him and his terrible curses."
wind howled and tore at their clothes, raging against her challenge.
"Do not say such things, bambina,
it is dangerous to speak of such things aloud." Maria Pia
straightened her shoulders. "I am an old woman, better that
I go alone. I have lived my life, Nicoletta, and yours is just
has taken mia
Madre and mia
it will not swallow you too. I will not allow it!" Nicoletta
vowed it fiercely, hurtling the words back at the wild wind, refusing
to bow down before its savage intensity. "I am going with
you as always, and He can go to hell!"
Pia gasped her shock and blessed Nicoletta three times before
proceeding along the path. The wind shrieked its outrage of Nicoletta's
defiance, roaring through the pass. Small pebbles trickled down
from above them, dislodging larger rocks so that they picked up
speed, pelting the two women as they went through the narrow pass
between the two cliffs. Nicoletta, circled the older woman's head
protectively with her arms, trying to shelter her from the shower
of stones cascading down around them as they ran.
he command the very mountains?" Maria Pia cried. Her words
were whipped away from her and taken out to sea by the fury of
you hurt?" Nicoletta demanded, running her hands over the
older woman, looking for injuries, anger and defiance swirling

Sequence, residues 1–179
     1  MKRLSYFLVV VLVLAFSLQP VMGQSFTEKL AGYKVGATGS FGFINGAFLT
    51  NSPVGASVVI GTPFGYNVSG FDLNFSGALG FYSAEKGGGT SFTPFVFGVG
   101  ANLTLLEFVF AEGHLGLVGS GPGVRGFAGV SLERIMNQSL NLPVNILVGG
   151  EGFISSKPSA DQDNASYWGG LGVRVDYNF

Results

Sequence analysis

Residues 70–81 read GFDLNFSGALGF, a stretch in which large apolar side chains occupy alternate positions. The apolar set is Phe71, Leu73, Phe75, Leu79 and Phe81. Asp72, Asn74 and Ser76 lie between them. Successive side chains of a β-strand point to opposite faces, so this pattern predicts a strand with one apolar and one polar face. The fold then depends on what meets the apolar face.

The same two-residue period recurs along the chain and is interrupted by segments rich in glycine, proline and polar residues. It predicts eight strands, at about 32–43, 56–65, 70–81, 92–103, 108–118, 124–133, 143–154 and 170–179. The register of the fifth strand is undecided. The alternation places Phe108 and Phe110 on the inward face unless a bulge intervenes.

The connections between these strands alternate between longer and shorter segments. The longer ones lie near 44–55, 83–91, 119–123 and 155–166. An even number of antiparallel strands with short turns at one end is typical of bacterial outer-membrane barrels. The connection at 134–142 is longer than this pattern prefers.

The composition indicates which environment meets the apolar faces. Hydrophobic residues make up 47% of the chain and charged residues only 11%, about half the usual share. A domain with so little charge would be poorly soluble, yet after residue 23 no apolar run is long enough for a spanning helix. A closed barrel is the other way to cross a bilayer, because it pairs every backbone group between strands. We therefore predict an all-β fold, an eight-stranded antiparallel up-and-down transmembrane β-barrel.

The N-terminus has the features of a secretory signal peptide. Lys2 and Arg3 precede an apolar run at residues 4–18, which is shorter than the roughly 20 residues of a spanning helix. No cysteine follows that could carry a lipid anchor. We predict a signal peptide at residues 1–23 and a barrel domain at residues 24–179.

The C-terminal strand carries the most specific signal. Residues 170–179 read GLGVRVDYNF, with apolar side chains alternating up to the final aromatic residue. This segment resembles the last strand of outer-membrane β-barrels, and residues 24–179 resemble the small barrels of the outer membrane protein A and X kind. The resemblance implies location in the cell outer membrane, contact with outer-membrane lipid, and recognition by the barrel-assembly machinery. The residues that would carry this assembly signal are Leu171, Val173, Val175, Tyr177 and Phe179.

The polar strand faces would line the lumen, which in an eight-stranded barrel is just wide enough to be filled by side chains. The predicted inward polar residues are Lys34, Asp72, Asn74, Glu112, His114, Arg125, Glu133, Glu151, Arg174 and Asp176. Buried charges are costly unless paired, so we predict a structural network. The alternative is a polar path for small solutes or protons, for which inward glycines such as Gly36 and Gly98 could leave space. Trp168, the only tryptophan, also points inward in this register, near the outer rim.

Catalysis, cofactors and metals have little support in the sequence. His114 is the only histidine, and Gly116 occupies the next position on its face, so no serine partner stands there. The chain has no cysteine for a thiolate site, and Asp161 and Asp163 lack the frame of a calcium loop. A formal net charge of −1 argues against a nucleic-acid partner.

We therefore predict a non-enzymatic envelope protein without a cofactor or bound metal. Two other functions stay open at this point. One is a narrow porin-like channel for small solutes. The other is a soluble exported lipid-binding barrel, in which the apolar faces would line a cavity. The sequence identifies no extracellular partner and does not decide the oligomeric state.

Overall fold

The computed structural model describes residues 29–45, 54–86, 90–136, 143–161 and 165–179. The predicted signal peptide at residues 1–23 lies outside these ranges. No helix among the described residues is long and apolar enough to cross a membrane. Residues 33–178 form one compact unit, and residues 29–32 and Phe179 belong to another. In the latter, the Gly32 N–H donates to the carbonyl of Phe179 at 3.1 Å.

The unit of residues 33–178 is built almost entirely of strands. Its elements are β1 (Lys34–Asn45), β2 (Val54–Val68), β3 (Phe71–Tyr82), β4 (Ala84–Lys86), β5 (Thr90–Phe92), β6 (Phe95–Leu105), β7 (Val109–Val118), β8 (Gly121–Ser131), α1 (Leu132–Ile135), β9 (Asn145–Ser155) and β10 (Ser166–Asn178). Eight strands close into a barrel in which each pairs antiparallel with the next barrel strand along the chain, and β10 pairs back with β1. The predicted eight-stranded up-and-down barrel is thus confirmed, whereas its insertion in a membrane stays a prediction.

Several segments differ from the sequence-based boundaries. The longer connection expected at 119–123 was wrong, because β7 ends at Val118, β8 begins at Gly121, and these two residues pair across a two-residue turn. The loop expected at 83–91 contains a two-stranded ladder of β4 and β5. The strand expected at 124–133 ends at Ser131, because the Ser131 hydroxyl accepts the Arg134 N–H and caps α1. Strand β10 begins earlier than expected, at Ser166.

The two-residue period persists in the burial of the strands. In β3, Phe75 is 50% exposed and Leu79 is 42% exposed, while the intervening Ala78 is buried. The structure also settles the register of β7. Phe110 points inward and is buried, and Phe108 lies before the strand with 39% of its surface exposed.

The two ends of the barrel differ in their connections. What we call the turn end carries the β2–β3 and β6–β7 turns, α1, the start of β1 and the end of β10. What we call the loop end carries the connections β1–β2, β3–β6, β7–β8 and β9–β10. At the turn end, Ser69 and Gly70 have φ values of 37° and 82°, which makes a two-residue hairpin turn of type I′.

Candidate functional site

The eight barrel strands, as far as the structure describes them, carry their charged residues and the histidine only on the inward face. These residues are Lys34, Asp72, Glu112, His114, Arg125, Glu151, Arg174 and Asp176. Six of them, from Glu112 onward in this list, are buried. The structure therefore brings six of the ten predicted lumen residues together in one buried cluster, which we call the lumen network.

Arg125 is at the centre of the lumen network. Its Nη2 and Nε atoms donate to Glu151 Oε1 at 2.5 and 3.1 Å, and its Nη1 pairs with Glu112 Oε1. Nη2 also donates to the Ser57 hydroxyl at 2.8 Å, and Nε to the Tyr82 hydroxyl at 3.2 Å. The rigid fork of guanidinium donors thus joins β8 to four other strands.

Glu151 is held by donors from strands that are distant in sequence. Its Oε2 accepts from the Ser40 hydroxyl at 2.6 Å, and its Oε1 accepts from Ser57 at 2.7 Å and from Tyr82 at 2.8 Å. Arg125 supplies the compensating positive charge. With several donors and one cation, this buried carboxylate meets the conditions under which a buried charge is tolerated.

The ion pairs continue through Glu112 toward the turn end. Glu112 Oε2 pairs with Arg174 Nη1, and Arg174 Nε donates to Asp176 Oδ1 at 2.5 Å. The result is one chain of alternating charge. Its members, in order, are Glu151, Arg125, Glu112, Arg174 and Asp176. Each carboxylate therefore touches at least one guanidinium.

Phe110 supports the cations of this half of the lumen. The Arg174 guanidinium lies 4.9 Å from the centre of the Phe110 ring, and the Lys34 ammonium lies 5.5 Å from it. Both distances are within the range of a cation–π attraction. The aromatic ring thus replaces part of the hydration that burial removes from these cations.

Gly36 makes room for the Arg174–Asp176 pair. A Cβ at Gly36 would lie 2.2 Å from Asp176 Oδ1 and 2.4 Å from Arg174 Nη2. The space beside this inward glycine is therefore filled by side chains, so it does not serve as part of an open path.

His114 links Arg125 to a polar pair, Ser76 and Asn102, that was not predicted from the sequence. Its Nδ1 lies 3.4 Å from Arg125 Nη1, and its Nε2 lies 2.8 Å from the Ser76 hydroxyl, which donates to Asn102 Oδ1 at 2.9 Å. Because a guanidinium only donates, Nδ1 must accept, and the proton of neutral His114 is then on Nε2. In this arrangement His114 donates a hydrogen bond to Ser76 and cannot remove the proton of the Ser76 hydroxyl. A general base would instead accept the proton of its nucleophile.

together like the mist. She was very gentle, her touch light and
soothing despite the emotions seething deep within her.
not at all," Maria Pia assured, "what about you?"
shrugged. Her left arm felt numb, but the rock that had hit her
hadn't been particularly large and she felt lucky to have escaped
with only a bruise. They were on the palazzo grounds now and overhead the clouds darkened until they roiled,
spinning black threads that boiled like a great witches cauldron.
Long dark shadows were everywhere, shading every bush and tree,
every bench as the house loomed up before them. It rose right
out of the cliff like a glistening castle. Enormous, towers and
turrets rising toward the heavens, heavy gables and intricate
windows. There were sculptures everywhere, huge, heavy ones and
small delicate ones. The grounds had great stones carved into
impressive guards scattered around the maze and the gardens. Two
huge marble fountains gilded with brass rose up in the centers
of the rounded courts, heavily laced with winged sculptures and
deities of every kind.
made their way up the immaculate path with the great hulking statues
glaring at them and the wind battering them continually. The door
was massive, a great heavy thing intricately carved. Nicoletta
studied the etchings for a moment while Maria Pia fussed over
her, making certain she was properly covered. "Your shoes, bambina,"
she hissed suddenly.
were both shivering in the unrelenting wind. It was dark and very
gloomy with the great hulk of the door staring unpleasantly at
them. Nicoletta thought the carvings were lost souls shrieking
in flames, but her imagination was always getting the better of
her when she was near this place. Maria Pia took hold of the heavy
knocker and allowed it to drop so that it boomed cavernously,
the sound hollow and mournful in the bands of fog and gathering
Nicoletta slipped on the offending sandals, tying the thongs quickly
around her ankles as the door swung silently open. Rows of tapered
candles burned in the entrance hall, flickering and dancing along